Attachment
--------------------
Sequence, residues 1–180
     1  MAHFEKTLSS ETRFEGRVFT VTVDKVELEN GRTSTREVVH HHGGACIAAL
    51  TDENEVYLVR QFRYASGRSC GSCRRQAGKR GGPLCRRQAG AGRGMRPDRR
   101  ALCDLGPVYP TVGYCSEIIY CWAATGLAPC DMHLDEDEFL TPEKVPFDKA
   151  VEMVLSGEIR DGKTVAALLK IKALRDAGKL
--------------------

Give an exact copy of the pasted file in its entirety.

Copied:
Sequence, residues 1–180
     1  MAHFEKTLSS ETRFEGRVFT VTVDKVELEN GRTSTREVVH HHGGACIAAL
    51  TDENEVYLVR QFRYASGRSC GSCRRQAGKR GGPLCRRQAG AGRGMRPDRR
   101  ALCDLGPVYP TVGYCSEIIY CWAATGLAPC DMHLDEDEFL TPEKVPFDKA
   151  VEMVLSGEIR DGKTVAALLK IKALRDAGKL